Meg Medina has written for adults and children for over fifteen years. Her stories and poems have appeared in numerous literary magazines. MILAGROS: Girl from Away (Christy Ottaviano Books: Henry Holt Books for Young Readers) is her first novel for young readers. Meg is also the author of TIA ISA WANTS A CAR and THE GIRL WHO COULD SILENCE THE WIND (both forthcoming from Candlewick Press).

Meg lives in Richmond, Virginia with her family.

Find the Author

Website | Twitter | GoodReads



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Permalink Permalink Category Book Review, Three Stars - , , , , , , | Words 1240 words



You are here: Home » Publisher: Candlewick

THE BODY AT THE TOWER by Y.S. Lee Book Review
Series: The Agency, #2
Publication Date: August 10th 2010 by Candlewick Press
Rating: StarStarStarStar

Book Summary: This is another colourful, action-packed Victorian detective novel about the exploits of agent Mary Quinn. At a young age, Mary Quinn is rescued from the gallows and taken to Miss Scrimshaw’s Academy for Girls. The school turns out to be a front for a private detective agency. At age 17, Mary takes on her first case (A Spy in the House). In this, the second book of the series, Mary Quinn sets out to uncover the truth behind a suspicious death at St. Stephen’s Tower, better known as the clock tower of the Houses of Parliament. The accident occurred after hours in a highly public part of town and despite the presence of night watchmen. Mary, disguised as Mark Quinn, becomes a builder’s assistant to find out the truth about the body at the tower.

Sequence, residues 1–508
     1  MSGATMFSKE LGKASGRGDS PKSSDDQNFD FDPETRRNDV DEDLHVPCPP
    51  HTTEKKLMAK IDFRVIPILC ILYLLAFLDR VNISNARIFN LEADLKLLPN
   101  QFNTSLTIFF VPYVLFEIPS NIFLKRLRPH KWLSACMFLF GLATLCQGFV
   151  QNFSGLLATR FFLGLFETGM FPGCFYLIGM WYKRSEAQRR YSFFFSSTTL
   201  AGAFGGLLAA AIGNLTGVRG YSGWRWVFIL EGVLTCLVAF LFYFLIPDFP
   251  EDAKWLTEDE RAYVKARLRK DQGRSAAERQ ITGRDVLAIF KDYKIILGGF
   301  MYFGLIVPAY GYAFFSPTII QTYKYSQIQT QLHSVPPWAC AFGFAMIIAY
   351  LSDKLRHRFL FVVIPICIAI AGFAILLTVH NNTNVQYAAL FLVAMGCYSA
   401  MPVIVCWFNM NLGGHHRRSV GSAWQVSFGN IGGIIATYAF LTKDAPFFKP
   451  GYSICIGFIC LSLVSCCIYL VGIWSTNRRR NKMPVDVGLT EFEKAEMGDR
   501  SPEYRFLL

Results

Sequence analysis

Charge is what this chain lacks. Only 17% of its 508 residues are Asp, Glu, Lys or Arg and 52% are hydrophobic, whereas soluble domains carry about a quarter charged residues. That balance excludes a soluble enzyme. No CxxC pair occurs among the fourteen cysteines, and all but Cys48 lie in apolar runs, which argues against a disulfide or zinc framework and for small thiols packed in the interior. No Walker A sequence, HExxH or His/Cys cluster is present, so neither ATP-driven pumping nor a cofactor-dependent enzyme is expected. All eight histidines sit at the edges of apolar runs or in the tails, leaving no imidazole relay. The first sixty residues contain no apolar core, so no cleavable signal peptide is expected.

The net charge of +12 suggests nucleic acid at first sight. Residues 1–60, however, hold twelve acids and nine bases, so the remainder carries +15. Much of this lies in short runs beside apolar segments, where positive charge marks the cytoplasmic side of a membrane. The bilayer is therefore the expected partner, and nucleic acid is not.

Book Review Overview:

  • Fantastic sequel but not quite as good as A Spy in the House, the first book
  • Learn something about the working class during the Victorian era
  • More fantastic chemistry between Mary and James
  • Leaves you craving for more

THE BODY AT THE TOWER is another riveting mystery from Y.S. Lee. Mary Quinn goes undercover as Mark, an assistant at a construction site for St. Stephen’s Tower. With her hair chopped off and in trousers 24 hours a day, Mary completely embraces her new persona as she tries to uncover the culprit behind the recent murder at St. Stephens. Break-ins, disguises, and other types of espionage ensues.

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Comments 5 comments

Permalink Permalink Category Book Review, Four Stars - , , , , , , , , | Words 438 words



Fever jumped aside just in time to dodge the shower of urine, and stumbled into the path of a religious procession - celebrants in robes and pointed hats whirling and clapping and chanting the name of some old-world prophet, 'Hari, Hari! Hari Potter!'
- Philip Reeve, Fever Crumb